Note that I didn’t particularly remember this passage, and when I went back to Regeneration to find something to quote, I just flipped over a page or two before I found this. And now look how much work this paragraph is doing. It sets two scenes – not only the cozy tea-time, but also the hell from which Sassoon has recently arrived. It begins to stage what will be an immensely complicated and morally charged relationship between Sassoon and his doctor, and in doing so it indicates the extent to which Rivers is already unusual, preferring informal exchanges with his patients to tests that reinforce the hierarchical distance between tester and subject. Rivers is exceptionally humane – he is, we’ll discover, a very good anthropologist as well as a psychoanalyst. And Sassoon is, in fact, a deathless poet. The power distance between doctor and patient is unusually small; and it’s only going to get smaller.

And if that reference to sugar tongs is not a deliberate evocation of Wilde, I will eat my hat.

Cecily. [Sweetly.] Sugar?

Gwendolen. [Superciliously.] No, thank you. Sugar is not fashionable any more. [Cecily looks angrily at her, takes up the tongs and puts four lumps of sugar into the cup.]

I could have picked any paragraph. They’re all that good. And the prose is all that translucent: simple, beautiful declarative sentences, layered each on the next until you are no longer reading but hovering over Rivers’s shoulder, watching. And Barker respects the intelligence of her characters, and gives them room to breathe and think.

There’s a lot of thematic overlap between this trilogy and my last two reviews, as it happens. (Well, it’s not exactly startling, since I make several fairly strict demands of narrative and can’t be bothered with it otherwise. Anyway.) Regeneration tackles madness – Sassoon isn’t, as it happens. Book two, The Eye in the Door, examines sex and class and will make you grieve for its innocent monster. The last book in the series, The Ghost Road, looks into the face of death, and it includes some of Barker’s finest use of the source materials, Rivers’s books on the societies of the Solomon Islands. (The heat and singing reminded me of Ten Canoes.) I keep going back to Google Books to read the originals and try to figure it out. That was awesome. How did she make that work? How can I do that?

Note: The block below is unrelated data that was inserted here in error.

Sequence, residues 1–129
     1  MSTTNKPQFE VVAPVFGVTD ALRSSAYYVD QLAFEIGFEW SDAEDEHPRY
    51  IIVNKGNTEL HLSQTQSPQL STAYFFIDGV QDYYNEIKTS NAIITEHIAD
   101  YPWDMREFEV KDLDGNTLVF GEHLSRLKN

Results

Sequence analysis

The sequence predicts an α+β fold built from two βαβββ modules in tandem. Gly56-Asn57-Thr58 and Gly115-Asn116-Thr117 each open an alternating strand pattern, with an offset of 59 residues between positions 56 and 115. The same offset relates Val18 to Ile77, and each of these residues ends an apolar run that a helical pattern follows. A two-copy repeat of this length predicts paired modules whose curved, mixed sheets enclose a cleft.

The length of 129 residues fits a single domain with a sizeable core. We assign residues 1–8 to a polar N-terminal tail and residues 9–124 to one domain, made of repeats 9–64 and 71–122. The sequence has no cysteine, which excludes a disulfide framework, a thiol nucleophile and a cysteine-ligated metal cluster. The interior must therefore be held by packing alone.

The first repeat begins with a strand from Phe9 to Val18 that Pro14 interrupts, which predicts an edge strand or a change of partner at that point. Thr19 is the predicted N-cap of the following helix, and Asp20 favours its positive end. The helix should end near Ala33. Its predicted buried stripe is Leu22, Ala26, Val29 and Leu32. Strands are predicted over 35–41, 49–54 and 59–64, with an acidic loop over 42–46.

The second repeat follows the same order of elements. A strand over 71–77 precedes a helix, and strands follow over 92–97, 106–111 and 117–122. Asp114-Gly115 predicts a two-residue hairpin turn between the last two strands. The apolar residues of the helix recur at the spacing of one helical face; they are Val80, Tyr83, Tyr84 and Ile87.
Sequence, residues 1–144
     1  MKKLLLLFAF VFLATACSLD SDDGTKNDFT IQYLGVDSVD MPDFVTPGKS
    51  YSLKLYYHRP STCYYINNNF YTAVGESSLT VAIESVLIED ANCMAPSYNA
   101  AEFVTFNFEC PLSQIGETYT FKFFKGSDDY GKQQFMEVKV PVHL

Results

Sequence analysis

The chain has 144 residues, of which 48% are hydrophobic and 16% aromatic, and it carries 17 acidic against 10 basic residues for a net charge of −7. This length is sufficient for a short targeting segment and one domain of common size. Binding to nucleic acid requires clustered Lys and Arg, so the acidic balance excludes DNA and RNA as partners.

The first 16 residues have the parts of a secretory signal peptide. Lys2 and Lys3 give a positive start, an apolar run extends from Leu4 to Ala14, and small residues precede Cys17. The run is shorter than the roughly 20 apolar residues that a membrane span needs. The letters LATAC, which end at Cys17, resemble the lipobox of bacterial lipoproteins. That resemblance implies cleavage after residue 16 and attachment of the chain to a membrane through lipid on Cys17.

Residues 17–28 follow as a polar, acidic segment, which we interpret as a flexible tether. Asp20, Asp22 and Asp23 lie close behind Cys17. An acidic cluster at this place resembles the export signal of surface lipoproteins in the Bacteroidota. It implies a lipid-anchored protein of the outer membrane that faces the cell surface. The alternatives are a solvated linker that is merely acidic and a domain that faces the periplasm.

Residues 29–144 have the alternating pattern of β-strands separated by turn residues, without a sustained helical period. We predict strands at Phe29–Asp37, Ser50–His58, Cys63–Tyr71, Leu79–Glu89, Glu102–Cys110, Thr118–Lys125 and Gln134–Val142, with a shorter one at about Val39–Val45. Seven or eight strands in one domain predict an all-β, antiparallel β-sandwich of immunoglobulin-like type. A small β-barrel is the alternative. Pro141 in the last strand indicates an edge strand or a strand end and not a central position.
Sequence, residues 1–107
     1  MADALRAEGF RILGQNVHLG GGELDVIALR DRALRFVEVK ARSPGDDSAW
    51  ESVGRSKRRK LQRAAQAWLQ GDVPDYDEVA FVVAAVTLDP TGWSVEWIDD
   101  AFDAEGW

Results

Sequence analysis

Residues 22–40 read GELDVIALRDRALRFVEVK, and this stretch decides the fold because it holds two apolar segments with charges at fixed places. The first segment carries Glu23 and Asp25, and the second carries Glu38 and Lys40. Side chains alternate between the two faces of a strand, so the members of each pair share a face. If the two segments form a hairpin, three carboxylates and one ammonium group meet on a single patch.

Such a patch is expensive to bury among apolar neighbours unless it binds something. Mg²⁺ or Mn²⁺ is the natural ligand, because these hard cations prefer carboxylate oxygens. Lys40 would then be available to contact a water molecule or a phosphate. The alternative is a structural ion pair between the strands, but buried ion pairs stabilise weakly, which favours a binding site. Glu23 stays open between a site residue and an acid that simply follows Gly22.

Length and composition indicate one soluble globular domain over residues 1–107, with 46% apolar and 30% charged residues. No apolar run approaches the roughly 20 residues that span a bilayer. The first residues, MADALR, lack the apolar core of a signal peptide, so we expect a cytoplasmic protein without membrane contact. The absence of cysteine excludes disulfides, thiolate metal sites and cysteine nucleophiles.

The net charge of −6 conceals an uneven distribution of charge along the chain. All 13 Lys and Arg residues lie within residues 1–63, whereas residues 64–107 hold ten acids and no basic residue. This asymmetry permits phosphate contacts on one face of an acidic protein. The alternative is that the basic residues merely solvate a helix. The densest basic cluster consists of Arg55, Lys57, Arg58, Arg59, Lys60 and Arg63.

some reviews – #2, ten canoes

The first major feature film in an Aboriginal language, ever. Ten men canoeing on the Arafura swamps retell an ancient story of love and betrayal. Gorgeously shot, irreverent and funny as all hell, dark, beautiful, heartbreaking. If you’re wondering why the apology was such a big deal or if you are even remotely interested in Australia or people or culture or contact, this is a must-see.

some reviews – #1, summer heights high

The 2007 Australian comedy series Summer Heights High features its creator Chris Lilley as three characters: as an appalling private school girl spending a term at a public school; as the school’s acting head of drama, in a role that cleverly skewers Lilley’s own; and, most affectingly, as an illiterate FOB (fresh off the boat) Tongan boy in year eight.

What seems like a crass gimmick as I’m describing it to you (and is just that in something like Little Britain) turns out to have powerful dramatic implications. Lilley seems as convinced as I am that nothing in Australia is not about class (and its co-conspirators, race and gender.) By playing multiple roles, he cuts to the heart of all three issues. How are we shaped by class, by race and by gender? Well, what if you put exactly the same person into three entirely different situations?

That makes the series sound dreadfully po-faced, which it isn’t: Lilley effectively mines the considerable comedic veins from privileged bitch Ja’mie and effete wanker Mr G. And his little dog too. Both caricatures are keenly observed – Ja’mie’s habit of brushing her shiny hair away from her face with the back of her hand, for example, or Mr G’s elaborate self-delusion and barely repressed viciousness. I totally had him for a drama teacher.

All of which serves to underline the tragedy implicit in the situation of Jonah, the year eight boy whose unfocused rebellion and aggression test his teachers’ character and mettle – and in all cases but one, expose their lack of either. And while Ja’mie goes on and up, doubtless to study law at Sydney and marry the heir to a retail empire, and Mr G ends up back where he started, Jonah’s trajectory points relentlessly down. While Australian society keeps rationing its limited opportunities on the basis of anything other than merit, the show points out, nothing’s ever going to change.